Want the news summarized?
Subscribe to The Morning Report.
Dana Springs is stepping down as the executive director of the Commission for Arts and Culture, a city agency that funds local arts nonprofits and directs the city’s public art program.
Springs, who’s worked at the commission for 18 years and was appointed director in 2014, announced her resignation at Friday’s monthly meeting with arts commissioners, community volunteers who advise Springs and her staff.
“One of my goals as the director,” Springs said, pausing as she broke down in tears, “was to transform our department into something that could never be trivialized. She added, “I couldn’t be more proud of that tenure.”
Springs did not give a reason for her departure but said she will remain on staff through March. She didn’t immediately respond to a request for an interview.
“My commitment is to make sure we start working on this tonight, immediately, to find a replacement for Dana, who can’t be replaced,” Michell said.
At Friday’s meeting, there was palpable tension between Springs, the arts commissioners and arts leaders who had shown up to make public comments.
The friction was over proposed cuts for the budget year that will start July 1. The city is facing significant projected deficits, and the mayor’s office asked all city department heads to each propose two percent in budget cuts.
Members of the commission were angry Springs had submitted three different options to accommodate the requested cuts.
Several commissioners who don’t want to accommodate the mayor’s request were dismayed Springs did not tell him how they felt. The commissioners voted to draft a memo saying they had not signed off on Springs’ proposed cuts and will instead push for the full funding promised by the Penny for the Arts plan passed by the City Council in 2012.
Commissioners are on high alert after the mayor last year proposed slashing the commission’s funding by 31 percent, or about $4.7 million. Arts advocates protested, and the City Council reduced the cuts dramatically, restoring arts funding to about $14.6 million.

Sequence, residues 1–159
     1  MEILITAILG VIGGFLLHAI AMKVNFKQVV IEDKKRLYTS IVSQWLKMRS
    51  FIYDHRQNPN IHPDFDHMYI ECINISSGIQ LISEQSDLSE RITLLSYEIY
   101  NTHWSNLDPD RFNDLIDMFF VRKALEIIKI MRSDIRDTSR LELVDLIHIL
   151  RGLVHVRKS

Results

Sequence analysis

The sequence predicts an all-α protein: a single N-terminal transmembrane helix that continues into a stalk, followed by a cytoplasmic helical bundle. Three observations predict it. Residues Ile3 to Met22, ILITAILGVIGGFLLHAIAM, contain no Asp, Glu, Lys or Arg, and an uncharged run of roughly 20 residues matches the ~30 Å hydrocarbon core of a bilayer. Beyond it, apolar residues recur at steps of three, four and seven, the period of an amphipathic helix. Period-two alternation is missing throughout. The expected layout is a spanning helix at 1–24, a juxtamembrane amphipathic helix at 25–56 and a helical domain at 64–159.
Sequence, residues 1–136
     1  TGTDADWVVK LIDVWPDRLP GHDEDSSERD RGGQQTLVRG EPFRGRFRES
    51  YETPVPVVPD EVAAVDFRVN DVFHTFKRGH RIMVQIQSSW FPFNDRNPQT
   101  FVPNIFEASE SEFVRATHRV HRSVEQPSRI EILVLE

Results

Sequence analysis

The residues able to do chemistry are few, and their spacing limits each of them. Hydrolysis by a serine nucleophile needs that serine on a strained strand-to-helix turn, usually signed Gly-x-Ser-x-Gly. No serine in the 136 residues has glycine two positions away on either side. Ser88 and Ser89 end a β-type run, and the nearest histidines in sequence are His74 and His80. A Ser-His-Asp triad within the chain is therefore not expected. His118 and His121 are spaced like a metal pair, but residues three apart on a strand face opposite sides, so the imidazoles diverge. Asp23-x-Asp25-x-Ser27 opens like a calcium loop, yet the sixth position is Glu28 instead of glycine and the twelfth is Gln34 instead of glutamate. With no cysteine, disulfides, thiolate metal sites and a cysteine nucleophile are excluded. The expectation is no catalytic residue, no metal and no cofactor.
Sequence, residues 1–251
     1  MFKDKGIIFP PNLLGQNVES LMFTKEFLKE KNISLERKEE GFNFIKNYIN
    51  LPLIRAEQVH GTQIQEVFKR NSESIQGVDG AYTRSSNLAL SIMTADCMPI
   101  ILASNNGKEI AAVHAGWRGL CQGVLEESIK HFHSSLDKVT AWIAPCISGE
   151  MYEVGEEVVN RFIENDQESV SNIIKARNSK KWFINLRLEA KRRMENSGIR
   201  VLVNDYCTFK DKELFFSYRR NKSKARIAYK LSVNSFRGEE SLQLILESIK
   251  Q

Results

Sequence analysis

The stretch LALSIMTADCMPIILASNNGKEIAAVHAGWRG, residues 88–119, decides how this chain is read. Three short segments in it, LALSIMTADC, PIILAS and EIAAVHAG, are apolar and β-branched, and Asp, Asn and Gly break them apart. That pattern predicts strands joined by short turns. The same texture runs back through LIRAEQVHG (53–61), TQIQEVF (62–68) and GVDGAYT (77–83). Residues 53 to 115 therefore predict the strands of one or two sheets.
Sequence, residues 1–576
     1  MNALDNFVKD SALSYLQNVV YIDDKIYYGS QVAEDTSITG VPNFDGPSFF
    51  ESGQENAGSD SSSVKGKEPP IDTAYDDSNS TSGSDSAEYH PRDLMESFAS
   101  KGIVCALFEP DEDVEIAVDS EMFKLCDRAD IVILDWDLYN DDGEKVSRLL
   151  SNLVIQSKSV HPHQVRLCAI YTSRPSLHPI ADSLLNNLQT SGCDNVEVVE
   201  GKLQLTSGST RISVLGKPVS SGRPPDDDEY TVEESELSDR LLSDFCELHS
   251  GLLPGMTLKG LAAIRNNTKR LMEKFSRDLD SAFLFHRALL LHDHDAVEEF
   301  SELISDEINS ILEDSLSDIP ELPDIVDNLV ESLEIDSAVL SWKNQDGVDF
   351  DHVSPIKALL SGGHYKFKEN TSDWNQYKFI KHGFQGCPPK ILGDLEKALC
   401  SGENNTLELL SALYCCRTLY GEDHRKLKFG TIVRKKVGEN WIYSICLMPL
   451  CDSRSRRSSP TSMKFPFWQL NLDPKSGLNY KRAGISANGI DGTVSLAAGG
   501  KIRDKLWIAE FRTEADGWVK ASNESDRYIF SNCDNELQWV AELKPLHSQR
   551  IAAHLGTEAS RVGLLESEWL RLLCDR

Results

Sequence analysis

Vernon Franck, the commission’s vice chair, said stress surrounding budget cuts could have played a role in Springs’ resignation, which he said was a complete surprise.
“There is definitely tension between commissioners, commission staff and the arts and culture groups we contract with,” Franck said. “But that’s healthy, in my opinion. … But it has gotten rather intense, and maybe that intensity has reached a maximum for Dana.”
Kathryn Kanjo, the director of the Museum of Contemporary Art San Diego, praised Springs at Friday’s meeting. Peter Comiskey, who leads the nonprofit Balboa Park Cultural Partnership, did as well.
Not everyone, though, has been pleased with Springs’ leadership.
“I think there have been a number of concerns from people in the arts community about a lack of transparency in policies and decisions that are being made that affect them directly,” said Victoria Plettner-Saunders, an arts consultant who used to work at the commission.
Plettner-Saunders took issue with Springs’ recent pitch to end some of the commission’s long-standing committees, which focus on specific subjects like funding or cultural tourism.
Other arts groups and advocates have complained about changes the commission made last year to programs that fund local arts and culture nonprofits.
Peter Kalivas, executive director of the PGK Dance Project, which gets funding from the commission, has become a vocal critic of Springs and the commission. In a recent VOSD op-ed, he said the commission needs a radical overhaul.
He opposed changes to the commission’s funding program that eliminated an appeal process for arts organizations that get a low rank from a panel that reviews funding requests.
“I’ve been in that situation and needed to appeal,” Kalivas said. “And the process was extremely helpful. I was able to show information the panel had missed, and then my rank was corrected and I got the increase in the funding I was seeking.”
Since July, Kalivas said he’s been going to commission meetings to advocate for changes that would make the funding program more equitable for smaller, newer arts organizations. He wants funding caps and said the current system gives the most money to the oldest and most established arts organizations with the biggest budgets.
Franck said Springs and the commission have considered changes to the funding program to send more money to smaller organizations. He said that’s made some of the leaders of the older, bigger arts organizations nervous, and that Springs may have been feeling that pressure, too.
“I can only imagine the paramount pressure that she was probably bombarded with from me and a wide variety of other people with completely opposite opinions,” Kalivas said. “I think the pushback from the community was all just too much for her.”